Is Schramm right to say that Arnold "merits our support"? I’m not sure. He’s wrong on all of the social issues. He’s going to raise taxes. He’s not going to save the GOP in CA. He can’t be President. Why vote for a Governor in California if he can’t be President?
I did watch almost all of Arnold’s press conference last night on C-Span. My initial reaction was this guy isn’t Ronald Reagan. I remember watching Reagan in the ’70s and saying this is the man to lead the country in the current crisis. Perhaps he sounded better on radio than he looked and sounded on TV. His most powerful statements are his expressions of gratitude to American for the opportunity he was provided when he came here from Austria and that he wants California to be that ’optimistic’ place once again. But when he started talking about his six year old, it reminded me of Amy Carter, and when he started talking about flushing toilets,it sounded rehearsed and a way to avoid talking substance. He seemed hesitant and uncertain in the question period to me.
The recall was a device designed to get politics out of politics, to let the people throw the rascals out if the special interests became too dominant. Well, to Hiram Johnson’s horror, this election will be decided by the biggest special interest/faction. There are over 130 candidates on the ballot. This is an ideal (never say only) opportunity for the Conservative wing of the Republican Party to grab the Governor’s office and then for McClintock to show that Conservatives can govern, deserve to govern, and begin the process of taking over the legislature. A small purality will win the election, this opportunity shouldn’t be missed.
I just heard Arnolds speech and his answers to questions on my drive back from Akron (I now have XM radio, very cool!). To be brief about it, I thought he was terrific. If you get a chance to watch the whole thing tonight, please do so. He said all the right things (e.g., the problem is government spending not insufficient taxes) and did it in a rhetorically effective way ("you get up in the morning and flush the toilet, you pay a tax, you then have a cup of coffee, you pay a tax, you get into your car you pay a tax," etc., and he kept at it with another six to eight examples; quite effective). He went into other details, including the necessity of having an outside firm look at the books, because no one really knows how bad things are, workmans comp, etc. He was authoritative and knowledgeable. There is no comparison between him and the other candidates. He is running against the political class, and he will win. He was very effective with the press, and crushed at least one questioner. I am impressed. Ill try to spend some of tonight watching the talking head on the left panic. Now the fun begins. El Rushbo and National Review are wrong. This man merits our support.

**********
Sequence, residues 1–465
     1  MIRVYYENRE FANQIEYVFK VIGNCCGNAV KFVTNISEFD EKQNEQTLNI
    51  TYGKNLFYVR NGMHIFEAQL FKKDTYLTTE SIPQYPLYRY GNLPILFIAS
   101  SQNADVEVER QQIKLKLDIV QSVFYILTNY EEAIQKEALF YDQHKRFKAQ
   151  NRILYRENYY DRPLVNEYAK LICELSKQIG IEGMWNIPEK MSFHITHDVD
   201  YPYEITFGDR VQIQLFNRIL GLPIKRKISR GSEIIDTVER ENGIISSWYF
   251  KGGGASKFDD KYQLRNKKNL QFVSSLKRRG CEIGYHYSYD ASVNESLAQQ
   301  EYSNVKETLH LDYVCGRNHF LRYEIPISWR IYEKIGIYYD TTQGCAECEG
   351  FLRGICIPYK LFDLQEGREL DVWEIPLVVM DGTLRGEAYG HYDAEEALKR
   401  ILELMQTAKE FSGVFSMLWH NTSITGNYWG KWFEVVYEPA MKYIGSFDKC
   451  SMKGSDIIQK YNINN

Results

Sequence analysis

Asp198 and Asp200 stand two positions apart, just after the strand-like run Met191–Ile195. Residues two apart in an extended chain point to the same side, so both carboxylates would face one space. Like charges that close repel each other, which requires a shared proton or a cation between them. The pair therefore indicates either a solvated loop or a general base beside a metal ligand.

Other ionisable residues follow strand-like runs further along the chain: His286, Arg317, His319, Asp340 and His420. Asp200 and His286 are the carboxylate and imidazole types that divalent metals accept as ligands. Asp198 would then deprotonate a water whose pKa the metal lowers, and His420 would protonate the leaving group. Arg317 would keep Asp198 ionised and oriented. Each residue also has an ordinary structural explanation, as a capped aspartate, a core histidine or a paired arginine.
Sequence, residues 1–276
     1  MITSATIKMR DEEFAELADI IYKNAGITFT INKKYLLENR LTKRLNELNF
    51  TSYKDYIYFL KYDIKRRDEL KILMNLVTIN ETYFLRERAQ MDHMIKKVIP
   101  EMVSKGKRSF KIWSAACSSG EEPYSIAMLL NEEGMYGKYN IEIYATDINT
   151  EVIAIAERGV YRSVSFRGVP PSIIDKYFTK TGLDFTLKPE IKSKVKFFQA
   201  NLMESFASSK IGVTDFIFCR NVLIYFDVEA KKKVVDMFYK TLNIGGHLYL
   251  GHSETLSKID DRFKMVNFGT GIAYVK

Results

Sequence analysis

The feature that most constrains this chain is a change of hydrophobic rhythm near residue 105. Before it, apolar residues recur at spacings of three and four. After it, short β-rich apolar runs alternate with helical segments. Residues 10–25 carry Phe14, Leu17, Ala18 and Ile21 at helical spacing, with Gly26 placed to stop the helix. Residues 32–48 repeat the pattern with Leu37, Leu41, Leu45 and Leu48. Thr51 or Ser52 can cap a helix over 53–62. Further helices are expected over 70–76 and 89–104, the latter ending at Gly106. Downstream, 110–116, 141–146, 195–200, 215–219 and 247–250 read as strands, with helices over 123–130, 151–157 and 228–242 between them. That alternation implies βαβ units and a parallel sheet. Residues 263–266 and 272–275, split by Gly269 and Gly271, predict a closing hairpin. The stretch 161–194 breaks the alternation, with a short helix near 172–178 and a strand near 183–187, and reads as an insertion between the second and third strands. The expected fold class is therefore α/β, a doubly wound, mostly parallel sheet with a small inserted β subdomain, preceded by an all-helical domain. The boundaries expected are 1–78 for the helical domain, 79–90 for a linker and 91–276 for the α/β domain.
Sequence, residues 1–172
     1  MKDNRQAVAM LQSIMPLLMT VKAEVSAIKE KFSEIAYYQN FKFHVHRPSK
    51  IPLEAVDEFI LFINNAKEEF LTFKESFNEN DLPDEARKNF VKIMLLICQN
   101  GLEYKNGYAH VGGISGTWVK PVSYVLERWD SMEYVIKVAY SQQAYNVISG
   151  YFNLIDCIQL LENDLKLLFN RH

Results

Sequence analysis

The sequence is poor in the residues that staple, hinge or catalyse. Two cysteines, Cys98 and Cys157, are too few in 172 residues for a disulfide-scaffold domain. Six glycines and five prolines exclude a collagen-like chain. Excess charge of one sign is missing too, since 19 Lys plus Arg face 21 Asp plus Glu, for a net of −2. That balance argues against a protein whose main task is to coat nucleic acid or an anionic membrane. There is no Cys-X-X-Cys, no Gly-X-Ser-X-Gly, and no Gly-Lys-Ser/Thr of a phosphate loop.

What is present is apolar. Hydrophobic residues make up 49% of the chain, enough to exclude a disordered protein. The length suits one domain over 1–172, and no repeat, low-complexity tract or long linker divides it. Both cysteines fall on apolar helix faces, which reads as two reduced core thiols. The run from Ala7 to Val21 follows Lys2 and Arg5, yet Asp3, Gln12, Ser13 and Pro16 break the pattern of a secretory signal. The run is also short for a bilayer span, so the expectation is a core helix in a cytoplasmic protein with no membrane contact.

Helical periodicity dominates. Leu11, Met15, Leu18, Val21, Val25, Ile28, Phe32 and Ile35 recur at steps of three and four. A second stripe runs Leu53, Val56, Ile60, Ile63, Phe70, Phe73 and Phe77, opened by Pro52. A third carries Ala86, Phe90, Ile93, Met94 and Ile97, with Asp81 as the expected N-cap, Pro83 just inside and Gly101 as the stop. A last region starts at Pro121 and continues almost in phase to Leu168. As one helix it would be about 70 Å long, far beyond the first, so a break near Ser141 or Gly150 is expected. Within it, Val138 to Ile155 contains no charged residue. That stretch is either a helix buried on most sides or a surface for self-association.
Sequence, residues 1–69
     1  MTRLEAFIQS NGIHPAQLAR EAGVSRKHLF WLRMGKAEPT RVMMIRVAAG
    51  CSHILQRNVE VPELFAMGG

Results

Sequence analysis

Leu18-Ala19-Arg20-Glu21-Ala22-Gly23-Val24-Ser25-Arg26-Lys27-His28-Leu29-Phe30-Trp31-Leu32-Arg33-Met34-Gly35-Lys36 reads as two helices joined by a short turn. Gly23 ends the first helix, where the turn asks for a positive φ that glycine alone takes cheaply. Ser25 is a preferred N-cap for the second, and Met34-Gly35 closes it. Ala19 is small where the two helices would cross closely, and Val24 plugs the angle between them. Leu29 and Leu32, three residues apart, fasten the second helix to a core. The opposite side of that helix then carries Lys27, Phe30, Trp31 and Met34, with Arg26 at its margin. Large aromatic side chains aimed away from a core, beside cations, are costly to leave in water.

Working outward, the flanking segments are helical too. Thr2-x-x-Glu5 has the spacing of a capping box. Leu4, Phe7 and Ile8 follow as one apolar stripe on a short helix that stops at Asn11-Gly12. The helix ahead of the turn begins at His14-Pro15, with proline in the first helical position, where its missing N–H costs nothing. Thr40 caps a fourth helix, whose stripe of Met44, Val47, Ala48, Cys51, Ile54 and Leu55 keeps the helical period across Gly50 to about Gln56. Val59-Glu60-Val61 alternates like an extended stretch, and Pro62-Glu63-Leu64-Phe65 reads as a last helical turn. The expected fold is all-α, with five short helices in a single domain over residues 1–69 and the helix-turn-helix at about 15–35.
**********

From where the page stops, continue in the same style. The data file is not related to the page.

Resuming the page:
Rush Limbaugh writes in todays Wall St. Journal that California needs Conservatism not Arnold Schwarzenegger. Rush doesnt endorse Simon or McClintock.
Why are wisdom,i.e, statesmanship, and consent, i.e., winning elections, so hard to put together?
This long AP story has some more detail on the UN HQ bombing in Baghdad. The bomb, according to the FBI, was made from old munitions and was not sophisticated. The story includes Khofi Annans comments: "We will persevere. We will continue. It is essential work. We will not be intimidated." Also note Chalabis comments, I dont know what to make of them.
Here are excerpts from Davis’ speech at UCLA on Tuesday. He surprised everyone by not giving a mea culpa speech, as advertised, but rather (Clinton influence here?) one that talks about a "right-wing power grab." Daniel Weintraub calls it a they-a culpa rather than a mea culpa; he was there. Here is the LA Times report on the speech. And Ken Whitted has a pretty good analysis of the speech which he says is "vintage Davis: slash and burn every opponent in sight, and spare no rhetorical excess." Yet, he thinks it might work. It might re-invigorate his liberal base.
USA Today notes that Davis and Bustamante are now officially in a duel.
I am the first to admit that I find the reporting on Iraq not only lacking seriousness, but pushy. The media seems always to push us toward admitting that going into Iraq was a mistake. This is true whether they are reporting on a blown-up pipeline, or another American killed. And if they are not insisting on that mistake, then the next line is that we are unprepared to establish (or re-establish, if you like) civil society, and unprepared to defend against the kind of terrorist attacks we have witnessed. The media demands that we arise each morning to re-evaluate both our purposes and our means. They keep pressing us with fundamental questions: see, if we wouldn’t have gone into Iraq none of these bad things would have happened. Perhaps this has also happened in exactly the same way in the past; but, if it did, it did not have the kind of immediacy to it that it has now because of television and instantenious communications. The contemporary world may have made decision making more difficult, and it may make courage and perseverance a lot more difficult. It is certainly the case that when the media (or the opponents of the Iraq war) keep crying wolf, one is less inclined to listen and then perhaps less able to see the wolf when it does arrive.